Document Detail

The influence of anesthetic technique on perioperative blood pressure control after carotid endarterectomy.
MedLine Citation:
PMID:  10917474     Owner:  NLM     Status:  MEDLINE    
The optimal anesthetic for use during carotid endarterectomy has been a matter of debate for three decades. The goal of this study is to evaluate the influence of anesthetic technique on perioperative hemodynamic instability after carotid endarterectomy. This study is a retrospective chart review and was performed in a community teaching hospital. All consecutive patients undergoing carotid endarterectomy over a 2-year period at Providence Hospital were reviewed. One hundred ninety-eight patients underwent 203 carotid endarterectomies. Two patients were excluded because of combined coronary artery bypass grafting. Patients underwent carotid endarterectomy and were divided into two groups on the basis of use of general or regional anesthesia. Blood pressure was recorded hourly for the subsequent 24 hours, and the doses of vasoactive medications received to maintain the blood pressure within 25 mm Hg of preoperative levels were recorded. Patients receiving general anesthesia were found to require significantly more sodium nitroprusside for control of hypertension compared with those receiving regional anesthesia (72.1 +/- 14.5 microg/kg vs 20.2 +/- 6.6 microg/kg; P = 0.001) in the first 8 postoperative hours. No significant differences were noted in the doses of any other vasoactive medications used. No differences were found in the subsequent 16-hour period in doses of vasoactive medications. Patients suffering myocardial infarctions were found to receive higher doses of nitroglycerine, but no differences were noted in any other vasoactive medication used based on complications. Length of stay was longer in the general anesthesia group compared with the regional anesthesia group for both the intensive care unit (1.59 +/- 0.13 days vs 1.08 +/- 0.03 days; P = 0.001) and total hospital stay (5.8 +/- 0.03 days vs 4.5 +/- 0.02 days; P = 0.003). Regional anesthesia required lower doses of antihypertensive medication in the early postoperative period when compared with general anesthesia. The doses of vasoactive medications used had no significant impact on the complication rate. Regional anesthesia allowed for shorter stay in both the intensive care unit and total hospital stay.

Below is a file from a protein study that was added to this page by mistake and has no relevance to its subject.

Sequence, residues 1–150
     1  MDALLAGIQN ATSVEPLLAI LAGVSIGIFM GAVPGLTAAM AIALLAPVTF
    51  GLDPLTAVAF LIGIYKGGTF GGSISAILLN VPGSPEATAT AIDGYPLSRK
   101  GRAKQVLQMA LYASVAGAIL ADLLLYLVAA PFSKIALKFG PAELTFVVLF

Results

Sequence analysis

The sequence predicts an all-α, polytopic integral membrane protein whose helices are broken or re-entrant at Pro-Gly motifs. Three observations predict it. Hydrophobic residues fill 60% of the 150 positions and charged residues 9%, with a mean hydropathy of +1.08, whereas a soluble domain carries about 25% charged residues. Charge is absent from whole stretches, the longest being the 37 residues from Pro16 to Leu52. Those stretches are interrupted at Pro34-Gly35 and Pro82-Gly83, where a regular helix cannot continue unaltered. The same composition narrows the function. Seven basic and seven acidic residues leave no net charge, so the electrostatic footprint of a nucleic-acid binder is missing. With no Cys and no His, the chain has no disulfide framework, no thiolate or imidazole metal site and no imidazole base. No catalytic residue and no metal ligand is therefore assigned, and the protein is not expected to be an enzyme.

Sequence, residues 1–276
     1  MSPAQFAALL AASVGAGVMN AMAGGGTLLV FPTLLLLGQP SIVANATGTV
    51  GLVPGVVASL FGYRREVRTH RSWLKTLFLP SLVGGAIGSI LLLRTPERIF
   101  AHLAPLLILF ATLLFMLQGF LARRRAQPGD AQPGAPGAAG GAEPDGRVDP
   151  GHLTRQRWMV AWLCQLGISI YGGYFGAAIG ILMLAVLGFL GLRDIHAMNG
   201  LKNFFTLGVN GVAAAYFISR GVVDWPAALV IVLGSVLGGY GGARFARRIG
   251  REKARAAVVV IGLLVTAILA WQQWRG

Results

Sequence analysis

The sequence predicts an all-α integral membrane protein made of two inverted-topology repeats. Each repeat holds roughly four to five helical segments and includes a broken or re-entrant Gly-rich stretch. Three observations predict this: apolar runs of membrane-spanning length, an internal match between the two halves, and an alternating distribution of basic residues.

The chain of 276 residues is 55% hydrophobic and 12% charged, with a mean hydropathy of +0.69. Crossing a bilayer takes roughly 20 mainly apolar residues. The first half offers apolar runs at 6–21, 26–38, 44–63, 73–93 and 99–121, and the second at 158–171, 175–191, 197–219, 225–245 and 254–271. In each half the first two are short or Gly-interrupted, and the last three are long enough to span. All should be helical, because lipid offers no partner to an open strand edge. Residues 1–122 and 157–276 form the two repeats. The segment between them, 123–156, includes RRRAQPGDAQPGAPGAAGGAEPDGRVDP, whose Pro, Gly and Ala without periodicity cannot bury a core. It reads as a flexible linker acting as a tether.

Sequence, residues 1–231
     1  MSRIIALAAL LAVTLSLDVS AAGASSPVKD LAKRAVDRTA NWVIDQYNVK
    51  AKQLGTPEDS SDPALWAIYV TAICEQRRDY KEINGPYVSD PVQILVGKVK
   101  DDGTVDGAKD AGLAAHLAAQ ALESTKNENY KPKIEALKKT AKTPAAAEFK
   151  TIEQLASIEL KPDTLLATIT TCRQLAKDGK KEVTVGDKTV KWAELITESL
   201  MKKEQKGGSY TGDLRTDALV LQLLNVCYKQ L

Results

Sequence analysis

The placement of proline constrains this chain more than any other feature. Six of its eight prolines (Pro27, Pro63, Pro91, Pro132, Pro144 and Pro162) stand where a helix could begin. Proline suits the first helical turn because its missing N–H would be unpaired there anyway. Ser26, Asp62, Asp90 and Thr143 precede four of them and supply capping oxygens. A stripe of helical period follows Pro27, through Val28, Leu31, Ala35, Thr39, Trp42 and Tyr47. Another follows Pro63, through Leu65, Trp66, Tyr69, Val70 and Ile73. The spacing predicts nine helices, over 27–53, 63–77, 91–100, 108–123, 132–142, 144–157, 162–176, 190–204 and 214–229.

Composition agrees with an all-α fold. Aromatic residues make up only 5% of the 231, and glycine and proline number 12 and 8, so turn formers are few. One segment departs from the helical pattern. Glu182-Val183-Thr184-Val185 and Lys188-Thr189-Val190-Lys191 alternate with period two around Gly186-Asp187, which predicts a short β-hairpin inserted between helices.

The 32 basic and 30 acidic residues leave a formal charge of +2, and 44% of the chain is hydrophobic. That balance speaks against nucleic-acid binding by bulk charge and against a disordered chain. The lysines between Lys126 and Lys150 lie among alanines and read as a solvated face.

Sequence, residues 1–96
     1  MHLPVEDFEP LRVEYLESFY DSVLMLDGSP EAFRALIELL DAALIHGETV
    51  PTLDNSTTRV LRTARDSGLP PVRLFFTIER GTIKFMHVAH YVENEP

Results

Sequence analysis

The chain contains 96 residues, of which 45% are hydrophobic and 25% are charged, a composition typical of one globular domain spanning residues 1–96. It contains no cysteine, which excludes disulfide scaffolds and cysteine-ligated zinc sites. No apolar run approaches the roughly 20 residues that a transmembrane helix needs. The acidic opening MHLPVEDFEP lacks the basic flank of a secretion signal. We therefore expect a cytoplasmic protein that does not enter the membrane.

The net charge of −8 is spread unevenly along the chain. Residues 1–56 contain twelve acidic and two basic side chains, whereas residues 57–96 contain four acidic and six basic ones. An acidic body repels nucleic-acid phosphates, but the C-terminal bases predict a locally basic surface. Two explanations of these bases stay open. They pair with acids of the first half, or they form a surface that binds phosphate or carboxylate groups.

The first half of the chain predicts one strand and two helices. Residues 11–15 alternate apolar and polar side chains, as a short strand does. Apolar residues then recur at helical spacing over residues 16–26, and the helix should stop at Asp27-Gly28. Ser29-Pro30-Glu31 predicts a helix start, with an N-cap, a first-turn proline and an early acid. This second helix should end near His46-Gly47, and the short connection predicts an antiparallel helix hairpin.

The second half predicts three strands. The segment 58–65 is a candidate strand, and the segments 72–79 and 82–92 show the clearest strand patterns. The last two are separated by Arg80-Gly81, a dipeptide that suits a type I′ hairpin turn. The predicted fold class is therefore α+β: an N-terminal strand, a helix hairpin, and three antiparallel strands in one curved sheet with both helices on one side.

T A Eibes; W S Gross
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Publication Detail:
Type:  Journal Article    
Journal Detail:
Title:  The American surgeon     Volume:  66     ISSN:  0003-1348     ISO Abbreviation:  Am Surg     Publication Date:  2000 Jul 
Date Detail:
Created Date:  2000-08-08     Completed Date:  2000-08-08     Revised Date:  2004-11-17    
Medline Journal Info:
Nlm Unique ID:  0370522     Medline TA:  Am Surg     Country:  UNITED STATES    
Other Details:
Languages:  eng     Pagination:  641-7     Citation Subset:  IM    
Department of Surgery, Providence Hospital, Southfield, Michigan, USA.
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MeSH Terms
Anesthesia, Conduction / adverse effects*
Anesthesia, General / adverse effects*
Anesthetics / adverse effects*
Antihypertensive Agents / therapeutic use
Blood Pressure / drug effects*
Endarterectomy, Carotid*
Hypertension / drug therapy,  etiology
Length of Stay
Medical Records
Retrospective Studies
Risk Factors
Reg. No./Substance:
0/Anesthetics; 0/Antihypertensive Agents

From MEDLINE®/PubMed®, a database of the U.S. National Library of Medicine

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